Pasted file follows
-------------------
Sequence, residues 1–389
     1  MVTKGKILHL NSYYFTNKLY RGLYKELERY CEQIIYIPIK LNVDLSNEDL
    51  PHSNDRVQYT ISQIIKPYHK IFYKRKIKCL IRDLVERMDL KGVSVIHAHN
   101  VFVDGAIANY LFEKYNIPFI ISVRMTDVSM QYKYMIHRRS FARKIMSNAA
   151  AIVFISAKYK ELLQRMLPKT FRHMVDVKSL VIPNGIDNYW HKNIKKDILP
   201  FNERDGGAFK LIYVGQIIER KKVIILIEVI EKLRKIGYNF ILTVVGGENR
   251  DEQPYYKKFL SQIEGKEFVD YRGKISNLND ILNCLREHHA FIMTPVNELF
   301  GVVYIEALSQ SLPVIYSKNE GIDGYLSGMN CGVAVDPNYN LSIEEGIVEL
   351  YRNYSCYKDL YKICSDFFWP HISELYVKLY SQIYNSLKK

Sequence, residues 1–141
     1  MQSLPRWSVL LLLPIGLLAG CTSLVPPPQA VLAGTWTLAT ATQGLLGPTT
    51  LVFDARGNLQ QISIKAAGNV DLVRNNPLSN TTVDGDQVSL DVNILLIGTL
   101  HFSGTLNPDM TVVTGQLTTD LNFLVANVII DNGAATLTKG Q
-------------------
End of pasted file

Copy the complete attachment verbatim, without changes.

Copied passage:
Sequence, residues 1–389
     1  MVTKGKILHL NSYYFTNKLY RGLYKELERY CEQIIYIPIK LNVDLSNEDL
    51  PHSNDRVQYT ISQIIKPYHK IFYKRKIKCL IRDLVERMDL KGVSVIHAHN
   101  VFVDGAIANY LFEKYNIPFI ISVRMTDVSM QYKYMIHRRS FARKIMSNAA
   151  AIVFISAKYK ELLQRMLPKT FRHMVDVKSL VIPNGIDNYW HKNIKKDILP
   201  FNERDGGAFK LIYVGQIIER KKVIILIEVI EKLRKIGYNF ILTVVGGENR
   251  DEQPYYKKFL SQIEGKEFVD YRGKISNLND ILNCLREHHA FIMTPVNELF
   301  GVVYIEALSQ SLPVIYSKNE GIDGYLSGMN CGVAVDPNYN LSIEEGIVEL
   351  YRNYSCYKDL YKICSDFFWP HISELYVKLY SQIYNSLKK

Sequence, residues 1–141
     1  MQSLPRWSVL LLLPIGLLAG CTSLVPPPQA VLAGTWTLAT ATQGLLGPTT
    51  LVFDARGNLQ QISIKAAGNV DLVRNNPLSN TTVDGDQVSL DVNILLIGTL
   101  HFSGTLNPDM TVVTGQLTTD LNFLVANVII DNGAATLTKG Q